Rejuvenation Biotechnology 2014 Keynote Presentation (August 23, 2014, 9:00am) “Creating a Culture of Innovation and Breakthroughs” Presenter: Peter Diamandis, Co-founder and Vice Chairman, Human Longevity, Inc, Founder and CEO, X PRIZE Foundation.
Dr. Peter H. Diamandis is an international pioneer in the fields of innovation, incentive competitions and commercial space. In the field of Innovation, Diamandis is Chairman and CEO of the X PRIZE Foundation, best known for its $10 million Ansari X PRIZE for private spaceflight. Today the X PRIZE leads the world in designing and operating large-scale global competitions to solve market failures.
Diamandis is also the Co-Founder and Vice-Chairman of Human Longevity Inc. (HLI), a genomics and cell therapy-based diagnostic and therapeutic company focused on extending the healthy human lifespan. He is also the Co-Founder and Executive Chairman of Singularity University, a graduate-level Silicon Valley institution that studies exponentially growing technologies, their ability to transform industries and solve humanity’s grand challenges. In the field of commercial space, Diamandis is Co-Founder/Co-Chairman of Planetary Resources, a company designing spacecraft to enable the detection and mining of asteroid for precious materials.
Diamandis is the New York Times Bestselling author of Abundance – The Future Is Better Than You Think. Abundance was #1 on Amazon and #2 on New York Times. He was also named one of “The World’s 50 Greatest Leaders” – by Fortune Magazine. He earned an undergraduate degree in Molecular Genetics and a graduate degree in Aerospace Engineering from the Massachusetts Institute of Technology, and received his M.D. from Harvard Medical School.
Diamandis’ mission is to open the space frontier for humanity. His personal motto is: “The best way to predict the future is to create it yourself.”
Rejuvenation Biotechnology 2014 Musculoskeletal Disease Session (August 23, 2014, 12:30pm) “The Rejuvenation of Aged Skeletal Muscle by Systematic Factors” Presenter: Young Jang, Assistant Professor, Georgia Institute of Technology.
Young Jang received his Ph.D. in Biomedical Sciences (Cell Biology) from University of Texas in 2008, and completed his postdoctoral training from Barshop Institute for Longevity and Aging Studies and the laboratory of Amy Wagers at Harvard University and Harvard Stem Cell Institute. In 2014, he was appointed as an Assistant Professor in the School of Applied Physiology and a faculty member in the Parker H. Petit Institute for Bioengineering and Bioscience at Georgia Institute of Technology.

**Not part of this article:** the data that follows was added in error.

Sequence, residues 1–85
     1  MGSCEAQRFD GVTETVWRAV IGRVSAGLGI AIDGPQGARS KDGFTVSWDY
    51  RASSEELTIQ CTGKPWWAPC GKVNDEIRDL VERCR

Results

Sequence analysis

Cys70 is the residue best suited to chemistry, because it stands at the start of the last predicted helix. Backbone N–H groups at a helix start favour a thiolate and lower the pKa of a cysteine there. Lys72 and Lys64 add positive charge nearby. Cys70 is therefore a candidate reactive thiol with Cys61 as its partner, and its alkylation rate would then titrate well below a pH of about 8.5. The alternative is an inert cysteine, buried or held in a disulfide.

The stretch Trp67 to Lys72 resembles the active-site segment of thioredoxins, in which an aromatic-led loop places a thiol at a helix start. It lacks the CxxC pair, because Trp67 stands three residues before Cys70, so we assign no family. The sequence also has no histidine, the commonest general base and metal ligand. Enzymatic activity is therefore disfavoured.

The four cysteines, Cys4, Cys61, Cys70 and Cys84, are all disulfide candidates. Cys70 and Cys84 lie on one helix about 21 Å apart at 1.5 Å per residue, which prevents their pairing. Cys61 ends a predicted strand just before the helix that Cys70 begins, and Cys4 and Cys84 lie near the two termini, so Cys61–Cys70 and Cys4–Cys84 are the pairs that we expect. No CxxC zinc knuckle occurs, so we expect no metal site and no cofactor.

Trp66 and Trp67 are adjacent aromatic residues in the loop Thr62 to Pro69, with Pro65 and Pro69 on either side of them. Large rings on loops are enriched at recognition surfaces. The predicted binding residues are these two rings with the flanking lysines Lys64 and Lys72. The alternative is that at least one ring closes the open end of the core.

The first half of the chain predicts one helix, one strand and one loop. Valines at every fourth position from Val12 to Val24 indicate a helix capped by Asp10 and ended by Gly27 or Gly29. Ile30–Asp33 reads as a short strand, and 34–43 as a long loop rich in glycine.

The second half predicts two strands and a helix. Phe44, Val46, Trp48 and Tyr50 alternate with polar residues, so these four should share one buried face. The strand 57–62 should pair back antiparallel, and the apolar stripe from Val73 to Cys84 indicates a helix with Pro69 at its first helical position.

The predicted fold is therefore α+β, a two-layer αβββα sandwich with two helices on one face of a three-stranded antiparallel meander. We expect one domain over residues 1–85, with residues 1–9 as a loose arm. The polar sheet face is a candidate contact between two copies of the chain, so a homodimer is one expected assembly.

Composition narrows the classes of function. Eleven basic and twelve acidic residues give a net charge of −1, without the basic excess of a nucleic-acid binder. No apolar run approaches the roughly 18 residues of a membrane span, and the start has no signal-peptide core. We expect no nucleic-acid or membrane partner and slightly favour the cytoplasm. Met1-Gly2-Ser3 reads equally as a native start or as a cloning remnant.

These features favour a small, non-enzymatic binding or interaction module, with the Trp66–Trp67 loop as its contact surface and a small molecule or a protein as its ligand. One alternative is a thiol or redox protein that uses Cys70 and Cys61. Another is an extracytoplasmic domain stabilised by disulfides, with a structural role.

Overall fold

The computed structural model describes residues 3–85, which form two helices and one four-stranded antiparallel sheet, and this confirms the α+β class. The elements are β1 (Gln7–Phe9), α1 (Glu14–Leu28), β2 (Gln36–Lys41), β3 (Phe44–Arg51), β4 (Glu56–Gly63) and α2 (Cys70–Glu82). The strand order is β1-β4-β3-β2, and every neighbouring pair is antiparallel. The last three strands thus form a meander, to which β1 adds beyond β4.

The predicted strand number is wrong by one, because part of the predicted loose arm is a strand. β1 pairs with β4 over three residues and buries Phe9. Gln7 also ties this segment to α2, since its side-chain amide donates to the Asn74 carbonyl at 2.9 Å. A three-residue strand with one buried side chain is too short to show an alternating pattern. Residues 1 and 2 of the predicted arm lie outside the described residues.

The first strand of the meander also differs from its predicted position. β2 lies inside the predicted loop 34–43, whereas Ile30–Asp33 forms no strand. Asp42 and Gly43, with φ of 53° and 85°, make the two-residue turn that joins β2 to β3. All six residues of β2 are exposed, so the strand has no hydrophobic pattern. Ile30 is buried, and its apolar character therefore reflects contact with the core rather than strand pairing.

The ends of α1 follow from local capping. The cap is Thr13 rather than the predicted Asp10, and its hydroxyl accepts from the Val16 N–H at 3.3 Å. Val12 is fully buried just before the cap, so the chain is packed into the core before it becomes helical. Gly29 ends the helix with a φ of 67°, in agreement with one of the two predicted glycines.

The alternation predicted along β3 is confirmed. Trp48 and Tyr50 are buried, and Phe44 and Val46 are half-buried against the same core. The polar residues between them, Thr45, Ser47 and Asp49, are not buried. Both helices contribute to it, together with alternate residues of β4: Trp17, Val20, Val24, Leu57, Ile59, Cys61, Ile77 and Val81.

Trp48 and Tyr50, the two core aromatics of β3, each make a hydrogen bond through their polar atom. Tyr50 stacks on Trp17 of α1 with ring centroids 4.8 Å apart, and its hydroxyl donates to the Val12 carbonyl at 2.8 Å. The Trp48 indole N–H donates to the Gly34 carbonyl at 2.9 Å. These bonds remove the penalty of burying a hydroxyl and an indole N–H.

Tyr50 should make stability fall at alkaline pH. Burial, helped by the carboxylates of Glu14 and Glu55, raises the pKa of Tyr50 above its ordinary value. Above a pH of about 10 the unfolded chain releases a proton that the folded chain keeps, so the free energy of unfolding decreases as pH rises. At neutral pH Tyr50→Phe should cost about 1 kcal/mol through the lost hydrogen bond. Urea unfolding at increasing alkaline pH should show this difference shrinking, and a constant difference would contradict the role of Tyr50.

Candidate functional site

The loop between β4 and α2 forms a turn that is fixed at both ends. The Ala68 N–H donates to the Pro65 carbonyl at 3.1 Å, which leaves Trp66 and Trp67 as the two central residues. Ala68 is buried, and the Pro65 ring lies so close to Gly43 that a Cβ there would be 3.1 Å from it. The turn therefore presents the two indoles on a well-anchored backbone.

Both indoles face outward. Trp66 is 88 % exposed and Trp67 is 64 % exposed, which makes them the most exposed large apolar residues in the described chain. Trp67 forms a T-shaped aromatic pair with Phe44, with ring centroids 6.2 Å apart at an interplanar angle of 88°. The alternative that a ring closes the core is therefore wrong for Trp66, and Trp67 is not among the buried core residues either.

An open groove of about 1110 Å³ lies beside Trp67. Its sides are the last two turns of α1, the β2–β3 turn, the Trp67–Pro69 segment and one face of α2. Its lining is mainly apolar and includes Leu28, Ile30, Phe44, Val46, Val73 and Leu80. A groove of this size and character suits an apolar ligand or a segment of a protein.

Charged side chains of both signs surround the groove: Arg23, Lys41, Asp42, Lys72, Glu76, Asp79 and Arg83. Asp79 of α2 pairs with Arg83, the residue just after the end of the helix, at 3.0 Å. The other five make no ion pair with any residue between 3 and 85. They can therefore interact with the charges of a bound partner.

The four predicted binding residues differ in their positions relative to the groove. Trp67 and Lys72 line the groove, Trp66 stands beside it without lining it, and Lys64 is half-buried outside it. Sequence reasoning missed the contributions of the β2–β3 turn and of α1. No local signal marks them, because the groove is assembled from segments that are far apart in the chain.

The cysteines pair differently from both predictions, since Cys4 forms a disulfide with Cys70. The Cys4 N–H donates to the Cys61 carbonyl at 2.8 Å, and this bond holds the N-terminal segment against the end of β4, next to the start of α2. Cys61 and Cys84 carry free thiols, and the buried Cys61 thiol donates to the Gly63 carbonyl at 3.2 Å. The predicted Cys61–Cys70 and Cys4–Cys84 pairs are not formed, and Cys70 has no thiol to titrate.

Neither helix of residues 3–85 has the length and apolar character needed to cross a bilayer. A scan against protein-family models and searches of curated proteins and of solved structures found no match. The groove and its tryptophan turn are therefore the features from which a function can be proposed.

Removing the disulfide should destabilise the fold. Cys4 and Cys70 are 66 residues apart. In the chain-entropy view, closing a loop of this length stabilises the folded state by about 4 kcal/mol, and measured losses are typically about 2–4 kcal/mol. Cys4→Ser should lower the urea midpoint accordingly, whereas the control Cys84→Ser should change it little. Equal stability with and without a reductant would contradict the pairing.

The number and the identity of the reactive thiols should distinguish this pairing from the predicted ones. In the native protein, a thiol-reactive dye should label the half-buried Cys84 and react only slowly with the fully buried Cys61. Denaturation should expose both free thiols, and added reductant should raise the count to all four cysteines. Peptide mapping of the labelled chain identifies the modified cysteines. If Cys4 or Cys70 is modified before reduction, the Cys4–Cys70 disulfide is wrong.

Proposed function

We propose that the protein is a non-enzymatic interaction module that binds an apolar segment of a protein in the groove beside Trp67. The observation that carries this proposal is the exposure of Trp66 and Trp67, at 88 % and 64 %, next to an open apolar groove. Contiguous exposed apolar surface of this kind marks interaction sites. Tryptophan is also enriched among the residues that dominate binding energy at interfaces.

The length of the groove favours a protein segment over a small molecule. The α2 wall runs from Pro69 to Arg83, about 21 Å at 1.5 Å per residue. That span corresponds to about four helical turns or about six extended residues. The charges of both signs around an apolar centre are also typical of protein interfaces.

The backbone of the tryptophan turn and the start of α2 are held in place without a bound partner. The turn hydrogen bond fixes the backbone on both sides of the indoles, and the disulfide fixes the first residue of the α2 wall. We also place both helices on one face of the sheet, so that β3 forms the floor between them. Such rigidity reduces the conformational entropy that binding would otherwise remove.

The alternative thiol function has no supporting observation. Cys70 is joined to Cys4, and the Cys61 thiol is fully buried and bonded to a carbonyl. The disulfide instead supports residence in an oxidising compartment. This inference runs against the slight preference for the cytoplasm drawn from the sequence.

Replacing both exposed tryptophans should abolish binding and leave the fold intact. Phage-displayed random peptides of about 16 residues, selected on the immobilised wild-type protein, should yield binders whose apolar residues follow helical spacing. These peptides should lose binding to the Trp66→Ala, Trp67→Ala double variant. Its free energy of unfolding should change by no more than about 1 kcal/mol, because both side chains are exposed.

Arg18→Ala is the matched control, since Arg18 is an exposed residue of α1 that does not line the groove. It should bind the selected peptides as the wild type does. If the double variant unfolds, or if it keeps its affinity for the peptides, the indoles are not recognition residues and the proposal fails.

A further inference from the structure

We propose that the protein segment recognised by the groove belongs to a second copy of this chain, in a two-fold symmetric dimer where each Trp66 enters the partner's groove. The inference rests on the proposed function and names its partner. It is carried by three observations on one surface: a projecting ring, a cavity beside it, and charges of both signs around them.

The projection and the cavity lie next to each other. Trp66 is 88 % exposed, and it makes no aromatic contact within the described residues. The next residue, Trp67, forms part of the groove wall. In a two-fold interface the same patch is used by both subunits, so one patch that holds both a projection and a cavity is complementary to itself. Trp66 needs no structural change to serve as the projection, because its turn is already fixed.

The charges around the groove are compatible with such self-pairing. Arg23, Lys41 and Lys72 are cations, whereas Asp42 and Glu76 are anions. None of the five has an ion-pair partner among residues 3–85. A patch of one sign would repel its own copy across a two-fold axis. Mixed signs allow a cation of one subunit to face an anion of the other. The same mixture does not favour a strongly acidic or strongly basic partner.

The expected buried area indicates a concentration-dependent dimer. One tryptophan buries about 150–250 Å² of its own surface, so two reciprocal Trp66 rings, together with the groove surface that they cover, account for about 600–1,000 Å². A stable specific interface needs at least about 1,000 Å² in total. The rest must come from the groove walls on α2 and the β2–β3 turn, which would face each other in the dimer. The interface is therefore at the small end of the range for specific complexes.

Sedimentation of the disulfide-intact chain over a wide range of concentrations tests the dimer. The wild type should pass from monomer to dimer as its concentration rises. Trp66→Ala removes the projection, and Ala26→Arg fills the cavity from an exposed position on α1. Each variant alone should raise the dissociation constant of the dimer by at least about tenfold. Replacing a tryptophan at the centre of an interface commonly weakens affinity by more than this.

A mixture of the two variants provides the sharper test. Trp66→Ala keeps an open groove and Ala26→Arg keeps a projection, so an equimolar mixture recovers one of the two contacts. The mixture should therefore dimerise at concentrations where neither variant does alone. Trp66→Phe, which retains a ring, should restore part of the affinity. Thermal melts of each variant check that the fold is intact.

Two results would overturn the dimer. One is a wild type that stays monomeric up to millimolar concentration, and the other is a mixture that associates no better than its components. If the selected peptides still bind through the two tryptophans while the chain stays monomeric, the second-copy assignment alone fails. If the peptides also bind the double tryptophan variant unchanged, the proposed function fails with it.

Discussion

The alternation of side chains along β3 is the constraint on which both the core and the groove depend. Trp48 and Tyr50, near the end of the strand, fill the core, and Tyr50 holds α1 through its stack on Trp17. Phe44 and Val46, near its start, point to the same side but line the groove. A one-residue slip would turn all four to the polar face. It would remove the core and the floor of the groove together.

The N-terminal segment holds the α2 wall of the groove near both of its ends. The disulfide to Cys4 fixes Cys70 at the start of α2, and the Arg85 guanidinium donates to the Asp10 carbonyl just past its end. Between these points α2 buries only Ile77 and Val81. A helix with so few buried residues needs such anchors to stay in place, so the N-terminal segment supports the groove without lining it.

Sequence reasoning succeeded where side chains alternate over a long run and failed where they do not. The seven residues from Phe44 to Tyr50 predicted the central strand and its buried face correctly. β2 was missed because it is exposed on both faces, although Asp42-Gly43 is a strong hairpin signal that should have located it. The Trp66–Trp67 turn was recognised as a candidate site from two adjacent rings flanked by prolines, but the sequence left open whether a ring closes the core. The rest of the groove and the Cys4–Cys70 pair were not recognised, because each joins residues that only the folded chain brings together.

The primary research focus of the Jang laboratory is to understand the molecular and biochemical mechanisms of age-related muscle loss and function. The Jang laboratory applies bioengineering approaches and stem cell-based therapies to study skeletal muscle dysfunction during aging and in age-associated muscle diseases. The laboratory develops and applies novel tools using a combination of animal and stem cell models.
Rejuvenation Biotechnology 2014 Cancer Session (August 22, 2014, 1:00pm) “Accelerating Knowledge Turns: The I-SPY Model and Drug Development”
Presenter: Laura Esserman, Professor, Departments of Surgery and Radiology, and Affiliate Faculty, Institute for Health Policy Studies and Director, Carol Franc Buck Breast Care Center; Co-Leader, Breast Oncology Program, UCSF Helen Diller Family Comprehensive Cancer Center, University of California, San Francisco.
Dr. Esserman is a surgeon and breast cancer oncology specialist, and is the Director of the Carol Franc Buck Breast Care Center at the University of California, San Francisco (UCSF). In 1996, she started the Center of Excellence for Breast Cancer Care at UCSF to integrate clinical care and research, automate tools for the capture of patient and clinical data, and develop systems to tailor care to biology, patient preference, and performance.
Dr. Esserman is nationally and internationally known as a leader in the field of breast cancer and has published over 200 articles. She served as a member of a taskforce for President Obama’s Council of Advisors on Science and Technology (PCAST) Working Group on Advancing Innovation in Drug Development and Evaluation. The group was tasked with making recommendations to the federal government about how to best support science-based innovation in the process of drug development and regulatory evaluation.
She is the Principle Investigator of the I-SPY TRIAL program, a multi-site neoadjuvant clinical trial (which includes phase 2 and 3 trials) that has evolved into a model for translational research and innovation in clinical trial design. Dr. Esserman has recently launched a University of California-wide breast cancer initiative called the Athena Breast Health Network, a program designed to follow 150,000 women from screening through treatment and outcomes, incorporating the latest in molecular testing and web-based tools into the course of care. Athena is in the final stages of launching a statewide demonstration project and phase 1/2 trial of personalized screening.